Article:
England s Chief Medical Officer Chris Whitty speaks during a media briefing on COVID-19, in Downing Street, London, Wednesday Dec. 15, 2021. AP
Professor Chris Whitty described the current situation as two epidemics in one _ with omicron infections rising rapidly even as the country continues to grapple with the older delta variant, which is still causing a large number of infections.
Public health officials expect omicron to become the dominant variant across the UK within days. Omicron already accounts for a majority of cases in London.
The UK recorded 78,610 new infections on Wednesday, 16% higher than the previous record set in January. While scientists are still studying the risks posed by the highly transmissible omicron variant, Witty said the public should be braced for the figures to continue rising in the coming weeks.
``There are several things we don't know,'' Whitty said. ``But all the things we do know are bad, the principal one being the speed at which this is moving. It is moving at an absolutely phenomenal pace.''
The comments came on the day that the UK government implemented new rules ordering masks to be worn in most indoor settings in England and requiring proof of vaccination or a negative coronavirus test to enter nightclubs and large crowded events.
Britain is also accelerating its the national vaccination program, with a goal of offering a booster dose to every adult by the end of December.
The government said within days it will open new mass vaccination centers at sports stadiums around the country, including Wembley, the 90,000-seat national soccer stadium in London.
Whitty advised people to limit their social contacts, putting a priority on those that are the most important.
``I am afraid there will be an increasing number of omicron patients going into the NHS, going into hospital, going into intensive care, and exact ratios we don't yet know, but there will be substantial numbers,'' he said. ``That will begin to become apparent, in my view, fairly soon after Christmas.``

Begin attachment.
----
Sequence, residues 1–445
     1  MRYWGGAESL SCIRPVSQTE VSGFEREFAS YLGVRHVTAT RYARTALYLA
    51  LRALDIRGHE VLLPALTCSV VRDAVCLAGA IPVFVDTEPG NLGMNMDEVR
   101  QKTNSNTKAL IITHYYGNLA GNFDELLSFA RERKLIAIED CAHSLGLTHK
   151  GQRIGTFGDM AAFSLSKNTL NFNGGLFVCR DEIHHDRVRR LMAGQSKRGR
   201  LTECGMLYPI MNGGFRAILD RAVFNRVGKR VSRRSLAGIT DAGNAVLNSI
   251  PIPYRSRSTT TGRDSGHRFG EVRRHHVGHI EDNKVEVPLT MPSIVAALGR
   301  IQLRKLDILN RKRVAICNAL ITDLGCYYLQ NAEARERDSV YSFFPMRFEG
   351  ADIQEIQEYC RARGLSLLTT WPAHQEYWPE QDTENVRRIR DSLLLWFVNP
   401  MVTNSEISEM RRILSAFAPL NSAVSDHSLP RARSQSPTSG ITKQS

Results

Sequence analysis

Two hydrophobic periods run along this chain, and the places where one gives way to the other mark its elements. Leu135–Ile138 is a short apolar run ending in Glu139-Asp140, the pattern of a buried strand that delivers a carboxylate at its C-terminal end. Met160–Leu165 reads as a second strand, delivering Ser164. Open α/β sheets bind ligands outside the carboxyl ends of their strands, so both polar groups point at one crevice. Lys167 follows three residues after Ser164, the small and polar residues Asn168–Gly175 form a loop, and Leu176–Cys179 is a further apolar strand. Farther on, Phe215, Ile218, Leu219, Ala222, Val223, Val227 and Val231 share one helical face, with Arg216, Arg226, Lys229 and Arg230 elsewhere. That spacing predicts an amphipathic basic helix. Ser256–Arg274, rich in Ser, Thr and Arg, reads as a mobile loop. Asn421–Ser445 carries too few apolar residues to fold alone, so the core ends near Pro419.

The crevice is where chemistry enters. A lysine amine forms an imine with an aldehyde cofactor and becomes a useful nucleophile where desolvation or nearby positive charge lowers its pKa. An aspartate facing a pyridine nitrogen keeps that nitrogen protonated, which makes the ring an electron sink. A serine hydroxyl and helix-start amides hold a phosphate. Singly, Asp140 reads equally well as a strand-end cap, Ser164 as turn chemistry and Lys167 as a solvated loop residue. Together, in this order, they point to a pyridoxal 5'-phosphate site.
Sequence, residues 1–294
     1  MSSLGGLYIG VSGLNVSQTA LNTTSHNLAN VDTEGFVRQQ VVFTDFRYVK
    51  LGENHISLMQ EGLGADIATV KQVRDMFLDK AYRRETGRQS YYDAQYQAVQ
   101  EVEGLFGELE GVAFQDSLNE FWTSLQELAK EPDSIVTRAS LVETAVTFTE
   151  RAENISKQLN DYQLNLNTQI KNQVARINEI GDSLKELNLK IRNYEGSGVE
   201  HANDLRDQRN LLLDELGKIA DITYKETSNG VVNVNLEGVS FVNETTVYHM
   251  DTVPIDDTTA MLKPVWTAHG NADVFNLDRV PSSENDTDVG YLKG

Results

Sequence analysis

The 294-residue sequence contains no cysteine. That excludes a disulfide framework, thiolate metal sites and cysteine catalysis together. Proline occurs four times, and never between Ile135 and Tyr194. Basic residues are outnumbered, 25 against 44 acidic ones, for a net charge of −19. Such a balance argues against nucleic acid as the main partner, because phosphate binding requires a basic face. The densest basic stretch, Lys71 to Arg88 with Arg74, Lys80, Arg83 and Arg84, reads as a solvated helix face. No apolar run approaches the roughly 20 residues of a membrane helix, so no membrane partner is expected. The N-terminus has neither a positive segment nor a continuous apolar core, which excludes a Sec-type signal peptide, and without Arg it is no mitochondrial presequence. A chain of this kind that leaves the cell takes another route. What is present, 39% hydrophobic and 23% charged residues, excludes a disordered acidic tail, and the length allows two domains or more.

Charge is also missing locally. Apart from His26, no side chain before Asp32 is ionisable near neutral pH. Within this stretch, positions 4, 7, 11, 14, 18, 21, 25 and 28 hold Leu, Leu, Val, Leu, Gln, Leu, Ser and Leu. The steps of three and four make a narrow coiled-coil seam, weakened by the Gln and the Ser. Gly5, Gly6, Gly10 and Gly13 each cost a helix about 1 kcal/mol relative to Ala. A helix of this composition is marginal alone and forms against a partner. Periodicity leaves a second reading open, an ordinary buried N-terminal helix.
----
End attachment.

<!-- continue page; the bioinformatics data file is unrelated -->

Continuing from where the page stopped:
Despite the surge in infections, daily coronavirus-related deaths in the UK are well below last winter's peak. Britain recorded 165 deaths on Wednesday, compared with a record 1,820 on Jan. 20.
Public health officials credit widespread vaccination with weakening the link between COVID-19 infections, hospitalizations, and deaths.
Meanwhile, Britain is moving forward with a public inquiry into how the government has responded to the pandemic. Prime Minister Boris Johnson on Wednesday announced that Heather Hallett, a former Court of Appeal judge, would chair the inquiry, which is due to begin next spring.
``She brings a wealth of experience to the role and I know shares my determination that the inquiry examines in a forensic and thoroughgoing way the government's response to the pandemic,'' Johnson said.
After pressure from bereaved families, Johnson agreed to hold an inquiry on his government's handling of the pandemic, which has left more than 146,000 people in Britain dead, the highest toll in Europe after Russia.
The probe will have the power to summon evidence and to question witnesses under oath.
The pressure group Bereaved Families for Justice said the announcement of a chairperson was a ``positive step'' but ``comes far too late.''
``We've been calling for an inquiry since the end of the first wave, and we will never know how many lives could have been saved had the government had a rapid review phase in summer 2020,'' said Matt Fowler, the group's co-founder. ``With the omicron variant upon us, the inquiry really cannot come soon enough.''
Hallett said she would be consulting bereaved families and others on the inquiry's terms of reference.
``I shall do my utmost to ensure the inquiry answers as many questions as possible about the UK's response to the pandemic so that we can all learn lessons for the future,'' she said.
Hallett oversaw inquests into the deaths of 52 people killed in the July 7, 2005 bombings on London's transit system.
Last month, she was appointed to lead an inquiry into the death of Dawn Sturgess, who died in 2018 after being exposed to Novichok, the Soviet-made nerve agent used to poison former Russian spy Sergei Skripal in the English city of Salisbury.
Because of Hallett's position with the COVID-19 probe, the government plans to find someone else to lead the inquiry to explore allegations of Russian involvement in Sturgess' death.